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Emma Cardarelli Couldn’t Change Kitchen Culture as a Line Cook, So She Opened a Restaurant of Her Own

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When Montreal chef Emma Cardarelli first conceived of Elena—the acclaimed 65-seater serving natural wine, handmade pasta, and wood-fired pizza in Montreal’s Saint-Henri neighborhood—she was ready for change. After 20 years working in restaurants, she was tired of its abusive culture where yelling, drinking, drugs, late nights, and pushing physical and emotional boundaries was the workplace norm—behaviors she’d even even adopted herself. With the help of partners and staff, Cardarelli set out to find a better way to run a restaurant. What resulted is a kitchen and crew committed to maintaining a healthy environment, with caps on hours, insurance benefits, and earlier nights—and a well-executed menu that we captured in these winter feast recipes last year. With a tangible undercurrent of good energy, Elena stands as a model for positive restaurant culture, a place for employees to learn and grow, while recovering from the industry’s toxicity. And as the restaurant has had to constantly shift to survive the pandemic, now focused on takeout only, continuing to prioritize employees’ health—physical, mental, and emotional—has never been more important. Here Cardarelli explains how Elena came to be and where it’s going. —Joanna Fox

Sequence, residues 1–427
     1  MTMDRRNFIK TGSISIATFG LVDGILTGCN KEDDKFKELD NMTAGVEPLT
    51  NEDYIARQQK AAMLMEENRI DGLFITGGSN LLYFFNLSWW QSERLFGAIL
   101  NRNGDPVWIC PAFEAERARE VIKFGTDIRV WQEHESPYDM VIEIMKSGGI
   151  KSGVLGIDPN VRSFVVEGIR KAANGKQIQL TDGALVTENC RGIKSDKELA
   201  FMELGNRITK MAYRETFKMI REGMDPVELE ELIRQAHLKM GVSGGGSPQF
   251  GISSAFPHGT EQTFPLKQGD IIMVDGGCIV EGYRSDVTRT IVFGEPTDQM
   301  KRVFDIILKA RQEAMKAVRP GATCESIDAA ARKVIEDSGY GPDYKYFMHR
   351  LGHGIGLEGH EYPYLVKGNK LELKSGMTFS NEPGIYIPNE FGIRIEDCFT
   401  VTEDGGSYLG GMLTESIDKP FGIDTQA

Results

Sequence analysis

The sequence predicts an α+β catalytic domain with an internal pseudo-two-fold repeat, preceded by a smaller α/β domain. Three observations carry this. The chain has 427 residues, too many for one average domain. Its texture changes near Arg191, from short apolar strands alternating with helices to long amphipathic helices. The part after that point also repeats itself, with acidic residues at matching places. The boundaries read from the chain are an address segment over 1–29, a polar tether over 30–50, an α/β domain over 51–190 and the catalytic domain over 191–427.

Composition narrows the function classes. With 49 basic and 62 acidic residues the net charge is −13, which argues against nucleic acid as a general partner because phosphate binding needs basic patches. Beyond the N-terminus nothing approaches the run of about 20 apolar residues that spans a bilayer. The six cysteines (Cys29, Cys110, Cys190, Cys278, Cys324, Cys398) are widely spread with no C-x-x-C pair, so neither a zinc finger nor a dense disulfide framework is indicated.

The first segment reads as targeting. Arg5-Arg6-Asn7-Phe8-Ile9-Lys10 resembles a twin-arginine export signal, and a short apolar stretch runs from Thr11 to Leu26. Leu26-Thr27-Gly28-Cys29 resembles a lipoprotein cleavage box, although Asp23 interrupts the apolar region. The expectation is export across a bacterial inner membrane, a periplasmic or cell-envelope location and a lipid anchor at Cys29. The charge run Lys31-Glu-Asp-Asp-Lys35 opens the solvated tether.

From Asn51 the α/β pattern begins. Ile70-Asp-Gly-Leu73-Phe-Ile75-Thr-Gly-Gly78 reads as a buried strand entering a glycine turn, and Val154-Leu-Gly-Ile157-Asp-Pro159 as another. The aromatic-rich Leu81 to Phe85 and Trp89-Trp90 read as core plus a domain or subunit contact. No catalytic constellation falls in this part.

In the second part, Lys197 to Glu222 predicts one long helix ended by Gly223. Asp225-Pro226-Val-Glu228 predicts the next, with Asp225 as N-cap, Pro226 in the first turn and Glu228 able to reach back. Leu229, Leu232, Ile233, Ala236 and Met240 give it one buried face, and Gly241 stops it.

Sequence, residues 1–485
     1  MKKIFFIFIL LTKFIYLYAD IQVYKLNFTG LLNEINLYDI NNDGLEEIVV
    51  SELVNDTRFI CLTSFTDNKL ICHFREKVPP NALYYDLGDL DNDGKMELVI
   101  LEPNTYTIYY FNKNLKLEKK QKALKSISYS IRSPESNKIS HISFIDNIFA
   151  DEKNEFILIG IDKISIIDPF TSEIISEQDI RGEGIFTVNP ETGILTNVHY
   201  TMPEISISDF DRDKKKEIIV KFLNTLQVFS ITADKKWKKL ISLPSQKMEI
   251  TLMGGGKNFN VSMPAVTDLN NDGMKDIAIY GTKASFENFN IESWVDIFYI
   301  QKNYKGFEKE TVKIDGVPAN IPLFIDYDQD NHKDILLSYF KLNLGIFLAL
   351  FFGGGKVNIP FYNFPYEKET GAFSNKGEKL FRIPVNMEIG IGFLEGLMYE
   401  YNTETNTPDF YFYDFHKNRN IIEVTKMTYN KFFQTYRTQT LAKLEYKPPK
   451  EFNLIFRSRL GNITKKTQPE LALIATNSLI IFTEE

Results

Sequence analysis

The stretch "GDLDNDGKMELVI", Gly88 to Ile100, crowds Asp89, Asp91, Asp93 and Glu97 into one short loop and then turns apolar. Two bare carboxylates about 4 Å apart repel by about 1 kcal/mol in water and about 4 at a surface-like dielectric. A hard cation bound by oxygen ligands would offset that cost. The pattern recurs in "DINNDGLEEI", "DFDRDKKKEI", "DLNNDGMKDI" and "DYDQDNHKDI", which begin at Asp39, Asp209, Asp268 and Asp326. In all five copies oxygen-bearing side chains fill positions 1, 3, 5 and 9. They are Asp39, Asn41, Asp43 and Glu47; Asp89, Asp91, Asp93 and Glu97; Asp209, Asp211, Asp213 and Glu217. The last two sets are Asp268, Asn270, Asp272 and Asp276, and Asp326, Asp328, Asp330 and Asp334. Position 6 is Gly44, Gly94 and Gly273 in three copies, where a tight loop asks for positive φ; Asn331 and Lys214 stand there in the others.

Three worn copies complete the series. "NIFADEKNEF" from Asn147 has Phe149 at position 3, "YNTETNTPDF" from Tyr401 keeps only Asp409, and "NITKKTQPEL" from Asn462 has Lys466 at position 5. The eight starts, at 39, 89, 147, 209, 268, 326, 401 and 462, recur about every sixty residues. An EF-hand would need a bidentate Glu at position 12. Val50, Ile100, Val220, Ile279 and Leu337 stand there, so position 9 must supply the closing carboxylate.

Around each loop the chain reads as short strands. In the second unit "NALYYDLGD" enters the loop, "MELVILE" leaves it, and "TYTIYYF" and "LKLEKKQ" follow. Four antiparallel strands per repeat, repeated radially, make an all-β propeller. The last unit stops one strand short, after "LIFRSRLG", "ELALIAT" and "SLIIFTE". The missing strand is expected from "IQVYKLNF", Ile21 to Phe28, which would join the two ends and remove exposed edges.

On my first day ever in a professional kitchen I was sexually harassed. I was bending over, cleaning a lower shelf in a fridge, when a guy came up behind me and said, “I could get used to this.” That kind of sexism was prevalent when I was just starting out in the early 2000s. The male staff was constantly making inappropriate comments about the very few women working in kitchens. Little did I know there would be a lot more where that came from.

My next job was at one of Montreal’s top restaurants at the time. It was the kind of place where I could work my way up, learn a lot from the chefs, and forward my career. I thought I was lucky. But I saw everything during my years there. The waitresses were encouraged to sit down with clients and got paid extra to hang out with important people. They had to pay for barely-there uniforms and work all night in high heels. I saw serious drug abuse, rampant alcoholism, anger-management problems, sex in the restaurant. Somebody even had sex on my workstation—the used condom was casually tossed in my garbage.

As a young, idealistic feminist, I was constantly arguing with my male coworkers and bosses about the environment and how the women were treated like objects. I would try to explain why certain behavior or words were problematic, but no one wanted to hear it. Maybe I wasn’t the only one it bothered, but I was definitely the only one who was vocal about it. I was unliked and unpopular. The management called me a cancer in the kitchen. So eventually I shut my mouth. For years. Because I was afraid of being labelled an angry woman—which I was—and I wanted to work.

Just once I hung out after work. I had one drink from a table of guys who’d bought bottle service. Within 20 minutes I went from sober to incoherent. A friend immediately took me home. The next day, when I told the manager what had happened, he blamed me. He didn’t believe I could have been drugged and said I probably couldn’t handle my alcohol. Shortly after, I quit. Then, as a power move and to show the staff who was in charge, they fired me.